Experimental Archaeology and Materiality of The Medieval Period in Ireland

By December 23, 2018 July 18th, 2019 All Programs, Institute For Field Research Programs

Overview: This program provides a practical introduction to the role of crafts, technologies, and construction techniques in Ireland throughout time. Focusing on both the built environment and materiality, students will actively participate in a range of experimental archaeology workshops. These will focus on how things were made, used and their resulting archaeological signals. Students will be equipped with a general understanding of medieval society, with a specific focus on the role of technologies and materiality in people’s everyday lives. In addition to archaeological knowledge, students will build more general ‘life-skills’ through innovative experiential learning, problem-based learning, peer learning, problem solving, teamwork, time management, and resourcefulness as well as project design and implementation.

What makes this program especially unique is its collaboration with a leading archaeological research project – Digging the Lost Town of Carrig. Students will learn methods in experimental archaeology adjacent to an authentic ringwork castle (the Carrick ringwork) within the confines of the Irish National Heritage Park (INHP) in Wexford, southeast Ireland. This ringwork is one of Ireland’s most important medieval monuments and is crucial to the earliest stages of the Anglo-Norman invasion of Ireland, being the first Norman fortification built in the country in 1169 CE/AD. Archaeological excavations at the site by the IAFS have revealed significant evidence of the site’s medieval history – including remnants of a 12th century fort with wooden structures, 13th century stone castle, and 14th century hall and chapel. While students in the experimental archaeology program will not be excavating, they will be actively partnering with the archaeologists and can expect to understand the archaeology intimately. As archaeologists uncover the history of both the site and buildings, the results will be communicated essentially in ‘live time’ to the experimental archaeology students, underpinning their projects with exceptional authenticity and increased significance.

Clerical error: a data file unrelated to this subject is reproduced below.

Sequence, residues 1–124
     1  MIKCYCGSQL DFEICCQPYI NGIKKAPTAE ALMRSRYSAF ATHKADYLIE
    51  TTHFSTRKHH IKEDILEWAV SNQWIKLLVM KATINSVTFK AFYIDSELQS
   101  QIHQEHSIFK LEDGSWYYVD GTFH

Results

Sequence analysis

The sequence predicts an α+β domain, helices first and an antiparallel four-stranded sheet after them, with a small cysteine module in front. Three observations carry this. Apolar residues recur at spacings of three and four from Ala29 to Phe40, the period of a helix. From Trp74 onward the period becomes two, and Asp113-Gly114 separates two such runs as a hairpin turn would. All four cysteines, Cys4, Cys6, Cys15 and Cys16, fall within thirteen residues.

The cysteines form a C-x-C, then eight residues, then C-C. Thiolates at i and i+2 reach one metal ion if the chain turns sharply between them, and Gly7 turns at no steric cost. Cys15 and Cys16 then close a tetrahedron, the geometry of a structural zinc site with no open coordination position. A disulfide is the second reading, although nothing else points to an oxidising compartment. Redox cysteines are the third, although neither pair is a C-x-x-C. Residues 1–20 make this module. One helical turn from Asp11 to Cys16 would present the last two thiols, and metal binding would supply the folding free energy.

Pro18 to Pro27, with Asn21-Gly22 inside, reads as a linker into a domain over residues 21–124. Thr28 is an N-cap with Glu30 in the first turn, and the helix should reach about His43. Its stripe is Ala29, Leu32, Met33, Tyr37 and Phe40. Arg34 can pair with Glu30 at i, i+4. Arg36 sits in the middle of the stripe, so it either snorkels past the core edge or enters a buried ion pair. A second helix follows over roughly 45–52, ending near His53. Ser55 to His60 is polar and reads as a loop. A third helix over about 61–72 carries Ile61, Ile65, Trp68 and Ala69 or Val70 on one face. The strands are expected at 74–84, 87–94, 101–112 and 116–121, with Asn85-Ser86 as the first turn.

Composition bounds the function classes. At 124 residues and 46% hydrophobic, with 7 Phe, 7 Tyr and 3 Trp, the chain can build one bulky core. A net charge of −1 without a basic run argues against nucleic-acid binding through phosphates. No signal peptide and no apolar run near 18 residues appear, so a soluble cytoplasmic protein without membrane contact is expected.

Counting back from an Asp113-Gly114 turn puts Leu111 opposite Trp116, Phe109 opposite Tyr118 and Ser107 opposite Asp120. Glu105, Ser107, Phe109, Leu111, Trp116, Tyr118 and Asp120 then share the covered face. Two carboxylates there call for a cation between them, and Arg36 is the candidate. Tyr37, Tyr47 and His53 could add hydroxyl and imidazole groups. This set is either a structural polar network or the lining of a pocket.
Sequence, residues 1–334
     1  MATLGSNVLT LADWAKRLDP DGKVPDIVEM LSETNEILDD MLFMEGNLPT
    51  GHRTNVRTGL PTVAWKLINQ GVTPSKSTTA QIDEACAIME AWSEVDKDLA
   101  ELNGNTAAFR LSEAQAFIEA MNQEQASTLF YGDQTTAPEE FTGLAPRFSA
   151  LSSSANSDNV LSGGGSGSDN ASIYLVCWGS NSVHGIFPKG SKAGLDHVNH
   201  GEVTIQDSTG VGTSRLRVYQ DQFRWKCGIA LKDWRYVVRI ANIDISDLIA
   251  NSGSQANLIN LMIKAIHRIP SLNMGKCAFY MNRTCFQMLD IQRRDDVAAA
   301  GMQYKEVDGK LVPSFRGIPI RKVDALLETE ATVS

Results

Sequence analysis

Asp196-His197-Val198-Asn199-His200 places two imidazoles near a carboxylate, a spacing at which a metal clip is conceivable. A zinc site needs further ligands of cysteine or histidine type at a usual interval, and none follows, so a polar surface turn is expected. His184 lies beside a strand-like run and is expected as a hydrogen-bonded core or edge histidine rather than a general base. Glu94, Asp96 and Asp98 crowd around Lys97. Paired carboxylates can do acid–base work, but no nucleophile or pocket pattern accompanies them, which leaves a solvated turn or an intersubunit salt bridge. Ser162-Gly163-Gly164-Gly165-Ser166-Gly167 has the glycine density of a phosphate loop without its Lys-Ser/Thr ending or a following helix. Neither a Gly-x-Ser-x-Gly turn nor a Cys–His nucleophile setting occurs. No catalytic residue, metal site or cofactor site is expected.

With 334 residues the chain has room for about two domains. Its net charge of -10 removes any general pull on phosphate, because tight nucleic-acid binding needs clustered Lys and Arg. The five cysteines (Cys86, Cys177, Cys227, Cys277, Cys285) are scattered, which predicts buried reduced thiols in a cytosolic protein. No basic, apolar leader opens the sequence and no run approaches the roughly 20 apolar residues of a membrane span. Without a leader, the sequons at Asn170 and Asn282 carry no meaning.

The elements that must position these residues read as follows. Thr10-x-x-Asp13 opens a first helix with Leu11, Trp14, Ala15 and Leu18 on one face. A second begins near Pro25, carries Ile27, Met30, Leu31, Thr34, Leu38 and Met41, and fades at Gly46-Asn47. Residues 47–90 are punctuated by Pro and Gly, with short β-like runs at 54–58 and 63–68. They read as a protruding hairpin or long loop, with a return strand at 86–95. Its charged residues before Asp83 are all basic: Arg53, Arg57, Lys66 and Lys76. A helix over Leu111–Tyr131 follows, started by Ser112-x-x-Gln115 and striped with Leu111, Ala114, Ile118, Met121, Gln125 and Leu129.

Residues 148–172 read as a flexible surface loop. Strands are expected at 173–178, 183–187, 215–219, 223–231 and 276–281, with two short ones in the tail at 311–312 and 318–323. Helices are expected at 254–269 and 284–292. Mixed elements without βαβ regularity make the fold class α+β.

The program, which is run in partnership with the Institute for Field Research, runs from June 6th – June 29th and is led by Dr. Brendan O’Neill of University College Dublin and Dr. Denis Shine of the IAFS. For bookings and further detail see – https://ifrglobal.org/program/ireland-experimental-archaeology. Dr. Brendan O’Neill has worked with University College Dublin’s Centre of Experimental Archaeology and Material Culture (CEAMC) for the last 6 years and is an expert in ancient technologies and materials culture. Dr. O’Neill has experience experimenting in a broad range of materials and techniques including stone tools, ceramic vessels, cast bronze and worked organic materials (such as bone and antler); through his expert tuition you will gain an understanding of the detail involved in crafting any abject as well as appreciate the time, energy and skills needed.

Course Details

  • Course Dates: June 2020
  • Where: Wexford and the Irish National Heritage Park
  • Enrollment Status: OPENING SOON
  • Academic Credit: 2 semester credit units (equivalent to 3 quarter units)
  • Total Cost: US$TBC (including all meals, accommodation, tuition, instruction, equipment and field trips)
  • Course Type: Experimental Archaeology
  • Payment Deadline : TBC
  • Instructors: Dr. Brendan O’Neill, Dr. Denis Shine
  • Apply through the Institute for Field Research – click here